And, the beat goes on. State lawmakers continue to enact legislation in response to the U.S. Supreme Court’s decision in South Dakota v. Wayfair, and imposing the tax collection obligation on what they are terming “marketplace facilitators” or “marketplace providers” is the order of the day. Thirty-three states have enacted marketplace provisions, leaving only 12 sales tax imposing states remaining. Those states are: Florida, Georgia, Kansas, Louisiana, Massachusetts, Michigan, Mississippi, Missouri, North Carolina, Ohio, Tennessee, and Wisconsin. Legislatures in Massachusetts, Michigan, North Carolina, Ohio, and Wisconsin are currently considering marketplace legislation. Recently, Maine L.D. 1452 was signed into law adopting economic nexus provisions for marketplace facilitators. Effective October 1, 2019, a marketplace facilitator is required to collect and remit sales and use tax if, in the previous or current calendar year, it facilitates $100,000 in gross sales or has at least 200 or more separate transactions of sales of tangible personal property or taxable services.
In California, Senate Bill 92 addresses certain issues related to marketplaces. The bill revises the pre-existing provisions addressing newspapers, websites and other entities that advertise tangible personal property for sale. Under the revised law, “newspapers, internet websites, and other entities that advertise tangible personal property for sale, refer purchasers to the seller by telephone, internet link, or other similar means to complete the sale, and do not participate further in the sale are not facilitating a sale.” The bill also allows certain delivery network companies, as defined, to elect to be treated as marketplace facilitators. Finally, the bill limits liability for marketplace sellers who were engaged in business in California solely because they used a marketplace facilitator to make sales and the marketplace facilitator stored the seller’s inventory in California. These sellers will be relieved of penalties associated with their failure to collect and remit sales and use tax for sales made from April 1, 2016 to March 31, 2019 if they register, file completed returns for all applicable tax periods, and pay all taxes due or apply for an installment agreement within 90 days of the bill taking effect.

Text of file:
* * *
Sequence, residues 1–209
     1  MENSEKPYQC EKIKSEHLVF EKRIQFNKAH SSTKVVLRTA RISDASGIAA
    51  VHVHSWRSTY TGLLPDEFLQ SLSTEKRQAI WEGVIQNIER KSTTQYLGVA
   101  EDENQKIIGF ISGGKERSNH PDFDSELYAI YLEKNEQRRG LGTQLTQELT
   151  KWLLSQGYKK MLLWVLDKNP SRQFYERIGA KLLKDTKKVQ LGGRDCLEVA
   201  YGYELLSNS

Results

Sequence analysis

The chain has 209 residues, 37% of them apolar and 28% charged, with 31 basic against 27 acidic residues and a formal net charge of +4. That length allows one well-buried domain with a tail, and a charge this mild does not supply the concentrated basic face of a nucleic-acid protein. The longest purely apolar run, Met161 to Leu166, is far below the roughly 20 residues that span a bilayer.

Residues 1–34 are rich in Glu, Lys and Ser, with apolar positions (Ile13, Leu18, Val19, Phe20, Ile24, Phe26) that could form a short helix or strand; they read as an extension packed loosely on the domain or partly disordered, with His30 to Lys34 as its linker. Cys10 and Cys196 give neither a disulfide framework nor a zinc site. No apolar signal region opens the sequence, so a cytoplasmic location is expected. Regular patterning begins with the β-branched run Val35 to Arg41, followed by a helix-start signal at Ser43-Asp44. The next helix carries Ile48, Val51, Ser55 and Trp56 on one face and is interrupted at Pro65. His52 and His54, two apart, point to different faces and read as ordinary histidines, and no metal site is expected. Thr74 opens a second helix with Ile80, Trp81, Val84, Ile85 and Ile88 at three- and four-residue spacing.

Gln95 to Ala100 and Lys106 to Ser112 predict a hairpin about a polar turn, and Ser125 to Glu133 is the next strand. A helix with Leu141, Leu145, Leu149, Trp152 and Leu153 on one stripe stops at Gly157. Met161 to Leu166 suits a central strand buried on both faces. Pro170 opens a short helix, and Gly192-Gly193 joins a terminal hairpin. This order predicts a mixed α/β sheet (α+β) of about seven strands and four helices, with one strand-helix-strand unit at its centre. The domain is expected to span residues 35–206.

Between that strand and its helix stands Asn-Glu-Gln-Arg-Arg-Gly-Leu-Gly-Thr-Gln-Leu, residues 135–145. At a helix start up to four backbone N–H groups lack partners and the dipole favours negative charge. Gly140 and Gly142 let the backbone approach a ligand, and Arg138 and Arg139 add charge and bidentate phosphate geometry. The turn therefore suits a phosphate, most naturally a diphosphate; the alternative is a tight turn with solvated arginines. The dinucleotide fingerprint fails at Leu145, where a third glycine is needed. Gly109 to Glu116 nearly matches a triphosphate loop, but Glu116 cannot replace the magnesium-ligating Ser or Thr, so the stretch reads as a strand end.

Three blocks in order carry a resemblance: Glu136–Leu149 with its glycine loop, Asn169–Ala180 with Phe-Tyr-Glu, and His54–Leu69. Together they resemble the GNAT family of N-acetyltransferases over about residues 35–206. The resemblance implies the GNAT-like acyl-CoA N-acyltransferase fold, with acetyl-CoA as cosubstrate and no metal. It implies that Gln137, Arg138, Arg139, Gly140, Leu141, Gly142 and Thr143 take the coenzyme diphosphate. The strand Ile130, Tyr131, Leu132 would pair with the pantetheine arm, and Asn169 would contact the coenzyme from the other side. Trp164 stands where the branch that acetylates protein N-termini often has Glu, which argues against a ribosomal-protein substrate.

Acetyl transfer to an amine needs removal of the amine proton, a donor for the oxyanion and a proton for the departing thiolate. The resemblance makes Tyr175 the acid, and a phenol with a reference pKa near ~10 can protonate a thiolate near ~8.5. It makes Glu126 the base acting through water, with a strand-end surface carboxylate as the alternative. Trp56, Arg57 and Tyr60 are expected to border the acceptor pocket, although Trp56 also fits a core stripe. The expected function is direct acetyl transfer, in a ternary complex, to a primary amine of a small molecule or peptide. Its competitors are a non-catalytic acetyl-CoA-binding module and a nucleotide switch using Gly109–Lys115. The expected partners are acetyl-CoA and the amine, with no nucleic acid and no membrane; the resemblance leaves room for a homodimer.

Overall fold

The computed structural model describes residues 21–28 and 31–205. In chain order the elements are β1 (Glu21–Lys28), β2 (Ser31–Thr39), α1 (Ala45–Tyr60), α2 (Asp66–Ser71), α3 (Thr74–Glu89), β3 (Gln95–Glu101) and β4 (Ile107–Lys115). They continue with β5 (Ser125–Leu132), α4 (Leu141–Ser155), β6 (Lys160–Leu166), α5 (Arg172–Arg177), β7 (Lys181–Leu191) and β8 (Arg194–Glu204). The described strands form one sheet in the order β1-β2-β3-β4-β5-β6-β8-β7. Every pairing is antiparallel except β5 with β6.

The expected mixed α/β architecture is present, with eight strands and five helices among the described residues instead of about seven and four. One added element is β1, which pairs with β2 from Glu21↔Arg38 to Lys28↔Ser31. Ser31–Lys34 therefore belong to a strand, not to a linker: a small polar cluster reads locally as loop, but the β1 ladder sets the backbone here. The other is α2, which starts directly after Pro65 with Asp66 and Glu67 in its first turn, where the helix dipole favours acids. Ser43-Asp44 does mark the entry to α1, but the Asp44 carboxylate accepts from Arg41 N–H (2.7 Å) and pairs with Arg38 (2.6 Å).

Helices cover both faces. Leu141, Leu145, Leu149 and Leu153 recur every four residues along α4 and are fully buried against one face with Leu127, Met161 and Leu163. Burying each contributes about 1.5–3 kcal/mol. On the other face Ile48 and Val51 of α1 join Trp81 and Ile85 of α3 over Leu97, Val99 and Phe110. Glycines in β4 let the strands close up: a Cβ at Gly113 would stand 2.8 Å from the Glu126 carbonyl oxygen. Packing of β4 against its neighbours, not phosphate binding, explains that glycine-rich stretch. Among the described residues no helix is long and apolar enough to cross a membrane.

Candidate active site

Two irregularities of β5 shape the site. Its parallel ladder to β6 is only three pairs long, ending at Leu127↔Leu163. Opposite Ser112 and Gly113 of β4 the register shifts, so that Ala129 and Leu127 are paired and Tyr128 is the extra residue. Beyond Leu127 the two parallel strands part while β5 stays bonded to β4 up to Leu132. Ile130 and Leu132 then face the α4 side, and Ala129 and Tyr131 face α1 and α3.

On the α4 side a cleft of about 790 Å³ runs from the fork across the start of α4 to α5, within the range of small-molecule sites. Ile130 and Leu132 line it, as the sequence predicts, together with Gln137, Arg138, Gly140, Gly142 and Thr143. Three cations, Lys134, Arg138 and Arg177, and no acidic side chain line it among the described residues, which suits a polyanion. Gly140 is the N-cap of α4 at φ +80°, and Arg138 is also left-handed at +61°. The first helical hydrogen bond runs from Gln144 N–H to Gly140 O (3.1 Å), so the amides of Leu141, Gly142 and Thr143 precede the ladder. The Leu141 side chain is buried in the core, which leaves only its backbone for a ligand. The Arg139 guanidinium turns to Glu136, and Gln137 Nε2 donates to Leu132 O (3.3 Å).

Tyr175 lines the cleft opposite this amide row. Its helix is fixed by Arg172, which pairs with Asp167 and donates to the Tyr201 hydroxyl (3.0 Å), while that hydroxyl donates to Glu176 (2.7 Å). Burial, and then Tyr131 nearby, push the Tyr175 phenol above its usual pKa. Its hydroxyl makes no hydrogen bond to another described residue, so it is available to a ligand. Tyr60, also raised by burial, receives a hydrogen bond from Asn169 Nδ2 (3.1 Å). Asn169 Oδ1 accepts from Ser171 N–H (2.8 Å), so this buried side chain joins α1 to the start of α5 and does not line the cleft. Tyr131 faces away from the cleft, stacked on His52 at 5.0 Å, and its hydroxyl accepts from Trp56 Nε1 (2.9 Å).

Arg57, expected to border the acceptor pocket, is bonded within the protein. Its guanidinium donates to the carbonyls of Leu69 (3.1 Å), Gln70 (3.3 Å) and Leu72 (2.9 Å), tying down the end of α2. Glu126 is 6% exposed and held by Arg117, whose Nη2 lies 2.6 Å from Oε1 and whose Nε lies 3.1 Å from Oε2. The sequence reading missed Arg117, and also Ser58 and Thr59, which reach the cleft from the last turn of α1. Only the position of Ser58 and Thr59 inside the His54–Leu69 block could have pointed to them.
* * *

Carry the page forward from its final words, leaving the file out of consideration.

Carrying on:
In Connecticut, the governor signed the state’s budget bill (House Bill 7424) which, among other things, revises the economic thresholds for remote sellers by lowering the dollar threshold for establishing economic nexus from $250,000 to $100,000 in gross receipts. The additional 200 separate transactions threshold remains the same. The bill also eliminates the requirement that a person must also “engage in the regular or systematic solicitation of sales of tangible personal property” to be considered a person required to collect and remit sales tax under the economic nexus provisions. These changes take effect on July 1, 2019.
Further, the Utah State Tax Commission has issued an updated sales and use tax bulletin summarizing the recently enacted marketplace provisions. The guidance provides that marketplace sellers are not required to register for a sales tax license for facilitated sales unless they otherwise have nexus in Utah. If the seller has nexus, it must file sales tax returns, but is not required to report sales made through a marketplace. Further, the guidance provides that purchasers incorrectly charged sales tax must seek a refund from the marketplace facilitator, rather than the seller. Please stay tuned to TWIST for additional Wayfair related updates.
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